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OECD chief credits loose monetary policy for averting catastrophe
[TOKYO] The head of the OECD on Wednesday credited a wave of loose monetary policy for preventing a global economic collapse, but warned it was now up to governments to lift growth and safeguard their economies.
Angel Gurria, secretary-general of the Organisation for Economic Co-operation and Development, made the comments in Tokyo where the 34-member club of rich nations was presenting its latest report on the Japanese economy.
The world owes a "debt of gratitude to central bankers" for supplying easy money that brought the global economy back from the brink after the 2008 financial crisis, Mr Gurria said.
"They have done a great job. Without central bankers...we would be in a bigger problem," Mr Gurria told reporters.
"But the problem is now structural changes (that) are not in the hands of central banks. Education, innovation, more competition, better regulations...These have nothing to do with central banks," he added.
While the Bank of Japan's massive monetary easing programme has boosted growth, Mr Gurria said the country's living standards lag the OECD average, and Tokyo must press on with an overhaul of the highly regulated economy, including luring more women into the workforce, shaking up a rigid labour market, and lifting productivity.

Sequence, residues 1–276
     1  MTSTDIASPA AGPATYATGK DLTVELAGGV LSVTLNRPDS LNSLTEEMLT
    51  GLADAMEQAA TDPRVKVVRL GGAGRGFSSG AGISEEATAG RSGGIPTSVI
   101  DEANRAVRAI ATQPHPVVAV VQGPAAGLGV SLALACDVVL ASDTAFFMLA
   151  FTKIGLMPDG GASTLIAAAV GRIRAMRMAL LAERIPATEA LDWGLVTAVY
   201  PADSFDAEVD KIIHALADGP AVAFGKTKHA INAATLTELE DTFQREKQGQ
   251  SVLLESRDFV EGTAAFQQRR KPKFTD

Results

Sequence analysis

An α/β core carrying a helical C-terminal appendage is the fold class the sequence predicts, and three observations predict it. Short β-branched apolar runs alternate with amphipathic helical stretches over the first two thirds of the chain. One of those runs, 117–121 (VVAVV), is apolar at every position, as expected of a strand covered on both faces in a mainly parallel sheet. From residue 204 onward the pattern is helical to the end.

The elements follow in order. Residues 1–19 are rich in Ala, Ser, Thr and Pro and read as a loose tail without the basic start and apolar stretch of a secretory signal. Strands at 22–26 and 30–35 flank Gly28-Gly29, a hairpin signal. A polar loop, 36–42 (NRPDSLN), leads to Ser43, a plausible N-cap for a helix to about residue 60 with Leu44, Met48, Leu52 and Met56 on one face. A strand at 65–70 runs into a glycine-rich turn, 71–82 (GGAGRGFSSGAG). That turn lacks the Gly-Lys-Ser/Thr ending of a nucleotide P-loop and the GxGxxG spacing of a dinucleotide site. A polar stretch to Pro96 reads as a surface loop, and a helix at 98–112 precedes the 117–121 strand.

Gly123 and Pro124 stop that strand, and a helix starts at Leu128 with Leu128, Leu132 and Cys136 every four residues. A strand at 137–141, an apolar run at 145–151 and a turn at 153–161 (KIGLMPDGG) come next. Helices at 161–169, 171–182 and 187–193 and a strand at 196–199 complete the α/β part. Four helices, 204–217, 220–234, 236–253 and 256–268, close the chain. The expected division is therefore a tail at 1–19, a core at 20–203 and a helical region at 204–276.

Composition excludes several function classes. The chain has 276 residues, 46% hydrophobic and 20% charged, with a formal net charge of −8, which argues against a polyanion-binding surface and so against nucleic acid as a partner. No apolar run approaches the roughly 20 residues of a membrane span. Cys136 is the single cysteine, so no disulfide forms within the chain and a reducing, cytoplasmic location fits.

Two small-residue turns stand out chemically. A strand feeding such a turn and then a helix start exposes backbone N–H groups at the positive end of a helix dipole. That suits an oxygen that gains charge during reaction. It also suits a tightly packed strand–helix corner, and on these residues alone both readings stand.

A string of central banks - including the European Central Bank, the Reserve Bank of India and the Bank of Korea - have launched monetary easing schemes or cut interest rates to prop up their ailing economies.
Meanwhile, the US Federal Reserve announced it was ending its own six-year quantitative easing scheme as the world's top economy gets back on track.
Mr Gurria also warned that Japan had to get a handle on its massive national debt - the heaviest burden among OECD members at more than twice the size of the economy.
Tokyo raised the national sales tax in April 2014 to 8.0 per cent from 5.0 per cent to help pay down that debt load, but the move slammed the brakes on growth and sent the economy into a brief recession.
Prime Minister Shinzo Abe delayed a second tax rise to 10 per cent scheduled for this year, but that rate is still only about half the OECD average of 20 per cent, Mr Gurria said.
A day after the International Monetary Fund raised its growth projections for Japan, the OECD on Wednesday hiked its forecasts to a 1.0 per cent expansion this year and 1.4 per cent next, up from an earlier 0.8 per cent and 1.0 per cent, respectively.
Mr Abe launched his economic growth blitz in 2013, dubbed Abenomics, combining huge monetary easing, big government spending and promises to overhaul Japan's economy.
But there is still a lot of work to do on the so-called third arrow of his plan - reforms.
"The third arrow of Abenomics is its most crucial component, without which the unprecedented monetary expansion and the fiscal effort will not succeed in putting Japan on a path to faster growth and fiscal sustainability," the OECD's report said.